by Carol A Westbrook
On the first day of creation, God said. “Let there be light,” according to the Bible. In most major religions, God creates day and night, the sun, or light itself on the first day. To the ancients, the sun was God Himself–the Egyptians had Ra, and the Aztecs, Huītzilōpōchtli.There is something divine about light. Even a non-religious person feels a sense of something special when in bright sunlight.
Sunlight! We crave it. We open the drapes, we spend time in the sun, we gaze at the sunset, we build stone monuments to track it. In the dark days of winter we brighten our homes with candles and holiday lights. Winter religious holidays like Christmas and Chanukah emphasize lights and candles to brighten the darkness, while other holidays come during spring, when the days get longer. Many of us feel the need to travel south in the dead of winter, to get a few days of bright light and longer days.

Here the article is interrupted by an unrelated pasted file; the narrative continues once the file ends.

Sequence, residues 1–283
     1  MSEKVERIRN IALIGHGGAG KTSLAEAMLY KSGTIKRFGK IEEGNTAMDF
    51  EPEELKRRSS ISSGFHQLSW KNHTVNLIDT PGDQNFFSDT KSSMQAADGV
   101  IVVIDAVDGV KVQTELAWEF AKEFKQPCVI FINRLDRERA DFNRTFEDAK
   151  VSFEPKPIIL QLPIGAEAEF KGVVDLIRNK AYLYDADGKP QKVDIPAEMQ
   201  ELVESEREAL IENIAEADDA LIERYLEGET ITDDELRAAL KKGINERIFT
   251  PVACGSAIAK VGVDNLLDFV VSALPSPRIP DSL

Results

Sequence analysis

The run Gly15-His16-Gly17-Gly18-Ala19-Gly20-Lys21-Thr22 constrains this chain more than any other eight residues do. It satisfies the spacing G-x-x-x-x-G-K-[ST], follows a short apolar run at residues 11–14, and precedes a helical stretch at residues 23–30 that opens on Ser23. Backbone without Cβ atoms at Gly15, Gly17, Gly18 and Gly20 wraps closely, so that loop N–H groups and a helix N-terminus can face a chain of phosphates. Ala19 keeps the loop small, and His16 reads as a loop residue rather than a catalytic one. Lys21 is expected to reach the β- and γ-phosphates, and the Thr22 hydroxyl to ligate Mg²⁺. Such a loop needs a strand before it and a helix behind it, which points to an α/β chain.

We don’t need to invoke religion to explain our craving for light, we can look to biology. Light–specifically daylight–is a human need, almost as critical as food, air and water. We need the periodicity of daylight to control our bodily processes, in particular those which occur in a diurnal cycle, such as sleeping, waking, meals, drowsy times, body temperature variations, and fertility.
Hormones control this periodicity. These include cortisol, which controls blood sugar and metabolism, and melatonin, a sleep regulator. Read more »